Angelo, Bears entering final stretch before draft

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Angelo, Bears entering final stretch before draft

Thursday, April 21, 2011Posted: 1:05 PM

By John Mullin
CSNChicago.com

As Hall of Fame defensive end Richard Dent said of his accomplishments and body of work, The hay is in the barn.

So it is with the Bears now as well. Coaches, scouts and personnel heads have have finished their draft meetings and most of their evaluation process on players and now matters swing onto final approach for the 2011 draft that begins next Thursday night.

From the general pool of up to 75 players making the cut list as draftable, the Bears have targeted a cluster of 4-6 players they consider quality gets at No. 29 as the draft still stands. They also have narrowed their list to four target positions they would like to address in the draft.

And their goal from the weekends selections ultimately, as it is with every draft, is to add four starters.

Theres four, five, six guys that based on our projections and grades would be in the running for the pick, said player personnel director Tim Ruskell. The number isimportant because when you think about trading down, you want to have at least half as many guys you would like as the number of picks you go down.

The Bears are among a handful of teams, including Carolina drafting No. 1 overall, that would prefer to deal down and add picks if the offer and available pool of players remaining are right.

But the Bears have their first six picks available, not a case where they are short some selections and need to rebuild numbers. They also do not appear locked in on any individual player and have no intention of getting to that point.

You dont really want to fall in love with any player, said general manager Jerry Angelo. To me thats a trap. Weve been pretty sober and focused about our approach. We do like a handful of players. Theyre not perfect but theyre guys that we like and feel could help our football team.
Target selection

Angelo, Ruskell and the coaching staff have identified four positions they are willing to draft to fill, including offensive line, defensive line and cornerback. A wide receiver or linebacker would be a welcome addition but neither spot is viewed as must-have.

Having four positions worth draft picks gives you the flexibility where you could take the best player, Angelo said. And I think in this years draft, you could probably say best player available, were going to get.

Narrowing the field

One intriguing prospect on the defensive line, both for the Bears and others in the 20-32 draft range, is tackle Marvin Austin. A talented disruptor in the Tommie Harris mold, Austin was dropped from the team and sat out all of 2010 for illegal dealings with an agent, and there are issues of maturity that have turned some teams off.

The Bears have scrutinized Austins background and whether they would risk another high pick on a character question, after some difficulties with Harris and Tank Johnson, is an issue.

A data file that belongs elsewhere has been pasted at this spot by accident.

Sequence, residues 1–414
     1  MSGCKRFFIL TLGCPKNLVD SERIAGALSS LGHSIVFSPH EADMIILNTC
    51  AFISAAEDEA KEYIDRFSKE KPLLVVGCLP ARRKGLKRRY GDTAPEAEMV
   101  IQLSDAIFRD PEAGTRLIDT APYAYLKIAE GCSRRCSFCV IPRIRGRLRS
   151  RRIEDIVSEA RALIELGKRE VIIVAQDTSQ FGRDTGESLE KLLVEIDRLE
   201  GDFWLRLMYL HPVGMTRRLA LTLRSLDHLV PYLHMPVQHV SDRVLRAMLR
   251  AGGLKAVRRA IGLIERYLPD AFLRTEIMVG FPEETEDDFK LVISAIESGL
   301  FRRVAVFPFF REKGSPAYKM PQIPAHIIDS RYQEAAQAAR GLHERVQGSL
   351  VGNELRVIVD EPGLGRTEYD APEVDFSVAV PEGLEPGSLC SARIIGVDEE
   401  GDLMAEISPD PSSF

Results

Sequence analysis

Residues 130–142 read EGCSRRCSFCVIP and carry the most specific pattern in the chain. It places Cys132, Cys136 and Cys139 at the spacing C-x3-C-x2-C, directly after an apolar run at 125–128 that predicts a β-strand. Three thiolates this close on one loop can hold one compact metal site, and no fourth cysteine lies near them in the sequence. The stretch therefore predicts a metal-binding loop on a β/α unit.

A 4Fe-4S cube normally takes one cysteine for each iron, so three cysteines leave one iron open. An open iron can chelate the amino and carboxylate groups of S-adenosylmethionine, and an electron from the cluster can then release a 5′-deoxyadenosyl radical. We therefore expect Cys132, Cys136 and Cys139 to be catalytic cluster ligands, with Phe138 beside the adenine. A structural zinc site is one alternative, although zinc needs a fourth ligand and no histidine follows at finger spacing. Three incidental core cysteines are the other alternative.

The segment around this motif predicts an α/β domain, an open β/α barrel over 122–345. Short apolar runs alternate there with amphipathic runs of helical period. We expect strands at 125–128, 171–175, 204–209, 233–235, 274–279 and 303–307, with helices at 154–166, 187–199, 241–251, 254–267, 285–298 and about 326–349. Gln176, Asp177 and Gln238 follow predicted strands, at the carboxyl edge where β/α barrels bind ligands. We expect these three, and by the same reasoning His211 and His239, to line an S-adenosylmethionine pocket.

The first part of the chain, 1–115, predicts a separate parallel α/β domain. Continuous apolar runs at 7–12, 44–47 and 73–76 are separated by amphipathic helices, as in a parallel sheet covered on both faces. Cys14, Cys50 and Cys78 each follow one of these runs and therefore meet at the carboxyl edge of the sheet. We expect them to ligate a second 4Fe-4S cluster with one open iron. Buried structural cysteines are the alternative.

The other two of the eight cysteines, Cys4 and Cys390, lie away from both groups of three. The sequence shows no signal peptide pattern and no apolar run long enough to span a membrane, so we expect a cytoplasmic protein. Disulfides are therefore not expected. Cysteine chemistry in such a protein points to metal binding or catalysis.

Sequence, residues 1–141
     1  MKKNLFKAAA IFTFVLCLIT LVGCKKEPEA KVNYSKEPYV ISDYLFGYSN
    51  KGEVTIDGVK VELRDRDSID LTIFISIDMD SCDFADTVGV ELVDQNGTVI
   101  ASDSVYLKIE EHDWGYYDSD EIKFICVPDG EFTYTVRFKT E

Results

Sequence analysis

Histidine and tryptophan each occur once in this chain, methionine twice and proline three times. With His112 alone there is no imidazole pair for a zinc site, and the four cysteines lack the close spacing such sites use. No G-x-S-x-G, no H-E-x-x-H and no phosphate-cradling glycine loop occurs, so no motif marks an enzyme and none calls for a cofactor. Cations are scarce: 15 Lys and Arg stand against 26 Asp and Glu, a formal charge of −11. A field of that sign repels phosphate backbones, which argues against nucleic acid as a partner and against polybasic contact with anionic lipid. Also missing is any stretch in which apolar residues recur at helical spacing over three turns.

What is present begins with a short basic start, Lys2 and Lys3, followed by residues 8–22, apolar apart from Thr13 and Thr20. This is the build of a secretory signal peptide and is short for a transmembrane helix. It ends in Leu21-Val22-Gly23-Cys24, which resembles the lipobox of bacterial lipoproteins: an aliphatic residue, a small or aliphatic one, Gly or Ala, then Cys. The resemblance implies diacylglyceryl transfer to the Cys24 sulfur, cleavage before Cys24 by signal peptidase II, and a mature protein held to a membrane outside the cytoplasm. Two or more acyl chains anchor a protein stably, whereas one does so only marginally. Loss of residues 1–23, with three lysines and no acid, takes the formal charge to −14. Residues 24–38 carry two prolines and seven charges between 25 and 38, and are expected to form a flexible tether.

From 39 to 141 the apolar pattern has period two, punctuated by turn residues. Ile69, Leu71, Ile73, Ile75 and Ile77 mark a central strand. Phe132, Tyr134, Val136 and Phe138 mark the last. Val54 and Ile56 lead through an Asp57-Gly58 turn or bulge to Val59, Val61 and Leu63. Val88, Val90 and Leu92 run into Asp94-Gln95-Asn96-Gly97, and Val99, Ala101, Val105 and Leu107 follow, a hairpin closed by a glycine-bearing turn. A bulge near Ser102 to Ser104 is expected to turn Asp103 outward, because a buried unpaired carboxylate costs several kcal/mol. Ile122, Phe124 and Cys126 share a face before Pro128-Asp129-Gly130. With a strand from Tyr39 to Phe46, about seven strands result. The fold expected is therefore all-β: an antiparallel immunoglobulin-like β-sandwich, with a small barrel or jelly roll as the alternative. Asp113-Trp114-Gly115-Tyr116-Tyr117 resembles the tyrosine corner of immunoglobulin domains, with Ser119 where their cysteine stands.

Obviously, hes got documented concerns, Angelo said. Weve delved into those. Lovie Smith and Rod Marinelli went down there and spent a good amount of time with him. Mark Sadowski, our scout, has spent a goodly amount of time.

So we feel real good about how we feel about him and knowing him. I always say this, and I use this term: We just dont want any surprises on draft day when we bring a player in here. Were not looking for halo players. Were in the business to win football games, but we have to know whats underneath the hood.

Are Bears better than Texans, Broncos, Dolphins and others? Pro Football Focus says yes

Are Bears better than Texans, Broncos, Dolphins and others? Pro Football Focus says yes

Pro Football Focus has more than its share of both supporters and detractors of how it goes about grading NFL players. They break down every snap for every player, and while there are general agreements on what's seen by naked, untrained eyes who don't put the time and investment into its system that PFF does, there are other evaluations that seem to come out of the blue. While there's occasional guesswork on a player's particular assignment on a given play within its scheme, those of us who've watched and studied nuances of the game, or those who've played it, can usually identify how many jobs were done correctly.

Tuesday, PFF released its rankings of all 32 NFL rosters but in essence focused on the quality of each team's starting lineup, listing the Bears — are you sitting down? — 18th in the league. That's ahead of the likes of the Ravens, Saints, Texans, Dolphins, a Jaguars franchise that's had tons of high draft picks in recent years, as well as the Broncos and Lions (whom they rank 28th). The top five are the Falcons, Patriots, Titans, Packers and Steelers (the Bears play three of those teams in September alone). Among other Bears opponents, they rank the Panthers 10th, Vikings 12th, Buccaneers 13th and Eagles 15th.